LifeisXbox’s Tesla Force Review | It’s time to get geared up and ready to fight off invasions of threatening horrors that are attacking your world, causing chaos everywhere in their wake. Tesla Force is all about using everything you have and anything you can find to fight off hordes of terrors to protect your land. In this procedurally-generated, rogue-lite, top-down shooter, there will be little to no rest as intense firefights will break out as you teleport around each arena while not only trying to stay alive but while completing various objectives to move forward towards even deadlier creatures that lurk in the shadows. With new game+ also being present, the difficulty will be increasing every time you complete the campaigns for additional threats. Tesla Force has been developed and published 10tons Ltd. to create absolute massacres in an intense invasion in which you must fight back and survive. Use all you have at your disposal, make a plan of action, and prepare for the biggest fight of your life.
ℹ️ | VicciVulpix played Tesla Force for Six Hours on Xbox One S. This game is also available on Xbox Series S/X, PlayStation 4/5, Nintendo Switch, Steam, Microsoft Windows, and Android.
What we liked!
- Rogue-lite approach | I don’t know about everyone else but I adore the idea behind rogue-lite games. It adds a sense of worry as you can’t die and just respawn. I understand most games will give you some kind of ‘game over’ when you inevitably die but losing your playthrough perks, weapons, progress – creates a whole other meaning. Yes, on the odd occasion you will have a similar (if not identical) playthrough but the idea of having to start from scratch and getting to make different choices is exciting for me. Also, the drops could be different. You may find health at a crucial time when the end of your run may be looming. The horde may spawn differently. Different perks may assist you. There is plenty of variety.
- Choose your route | As you progress through Tesla Force, you will be greeted with a range of missions that you must complete successfully to progress towards the final boss. On the plus side, you will be able to make your choice as to which path you want to take. You may find one type of mission easier or more enjoyable for example and decide to take that particular route. As upgrades become available, there will be one that allows you to see the entire map and routes for each node, making you aware of what is coming up next. Destroy statues, kill elite enemies, fix equipment; it’s up to you. Also, you will be shown the type of reward you’ll be working towards; whether it’s a perk or weapon upgrade which may also influence your choice.
- Graphics | The mayhem is set with a somewhat subtle neon-looking appearance with its bright lighting setup but I would also say it still manages to look really good. Pleasing to look at, the quality of the visuals themself are quite crisp and show a decent amount of detail. Altogether, Tesla Force has merged chaos, detail, and colour to make what I would describe as a futuristic slaughter because while you’re in combat, it gives off a very scientific feeling. I must mention the environment itself too. The campaigns all have a different standard environment but they all pop with detail and colour. Let us just say you’ll be fighting off huge monstrosities but you’ll be doing it in incredible style.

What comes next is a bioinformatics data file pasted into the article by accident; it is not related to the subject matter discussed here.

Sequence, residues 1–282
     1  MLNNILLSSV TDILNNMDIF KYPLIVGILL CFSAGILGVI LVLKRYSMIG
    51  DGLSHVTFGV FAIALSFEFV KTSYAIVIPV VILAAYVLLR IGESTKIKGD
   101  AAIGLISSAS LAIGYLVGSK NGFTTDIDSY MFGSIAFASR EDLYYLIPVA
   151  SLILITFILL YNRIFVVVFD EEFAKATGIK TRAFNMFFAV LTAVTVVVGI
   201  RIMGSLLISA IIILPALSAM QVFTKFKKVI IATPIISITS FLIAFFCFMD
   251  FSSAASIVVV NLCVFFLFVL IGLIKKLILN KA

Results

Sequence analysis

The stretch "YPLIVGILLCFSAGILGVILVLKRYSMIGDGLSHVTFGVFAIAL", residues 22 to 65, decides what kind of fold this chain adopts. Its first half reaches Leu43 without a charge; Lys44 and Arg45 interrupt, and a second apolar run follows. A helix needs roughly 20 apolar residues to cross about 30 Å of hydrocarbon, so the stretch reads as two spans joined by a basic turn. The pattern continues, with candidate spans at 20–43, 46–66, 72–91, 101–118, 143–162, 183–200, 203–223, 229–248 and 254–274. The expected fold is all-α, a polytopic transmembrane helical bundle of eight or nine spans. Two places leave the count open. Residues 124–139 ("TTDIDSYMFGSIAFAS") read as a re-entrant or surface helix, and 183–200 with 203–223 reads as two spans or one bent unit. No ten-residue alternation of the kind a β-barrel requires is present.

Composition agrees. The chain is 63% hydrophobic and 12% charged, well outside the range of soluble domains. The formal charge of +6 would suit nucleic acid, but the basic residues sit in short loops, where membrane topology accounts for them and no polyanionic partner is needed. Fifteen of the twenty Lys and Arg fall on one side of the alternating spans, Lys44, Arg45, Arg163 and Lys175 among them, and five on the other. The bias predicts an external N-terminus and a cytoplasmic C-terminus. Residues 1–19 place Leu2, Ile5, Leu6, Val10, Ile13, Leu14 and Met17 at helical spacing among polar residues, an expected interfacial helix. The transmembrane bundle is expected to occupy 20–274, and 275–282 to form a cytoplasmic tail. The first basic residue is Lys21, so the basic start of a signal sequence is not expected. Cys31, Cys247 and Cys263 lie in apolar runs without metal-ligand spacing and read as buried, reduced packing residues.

- Obtainable upgrades | Weapons, perks, abilities, and more can all be bought and upgraded in Tesla Force. Throughout your multiple playthroughs, there will be two different resources you can find that tend to drop from enemies – crystals and energy cells. Crystals are used in the main hub that allows you to purchase permanent upgrades that can make all your runs smoother in places. Energy cells, on the other hand, are used to activate gadgets and to buy upgrades or boosts during your runs should you want/need to but these will not be available should you fail your run.
- Controls and mechanics | The mechanic of using dual-sticks (one for aiming the other for running) is something I’ve grown to like over time, especially with top-down games such as Tesla Force. It allows flexibility, therefore, allowing you to focus easier. Personally speaking, the controls are fairly straightforward and are not complex in any way. Shoot with RT, teleport with the LB, swap weapons with X, B to enter your mech, and press LT to use your selected ability. In the grand scheme of things, Tesla Force is easy and smooth to play; once you get used to the speed of everything that is.
- Doomsday clock | Now this is a fantastic addition to what is already a fast-paced game. The doomsday clock is present in every run; but what does it do exactly? Well, the doomsday clock will start once you enter your first zone and the longer you leave it ticking, the harder the enemies will become. It gives an incentive to not stick around any longer than you have to, working perfectly with the pace. However, that is of course your choice. If you’re looking for more of a challenge, you may stay in levels for as long as you want, even after completing the main objective. Adding another element in the doomsday clock was a great idea by the team.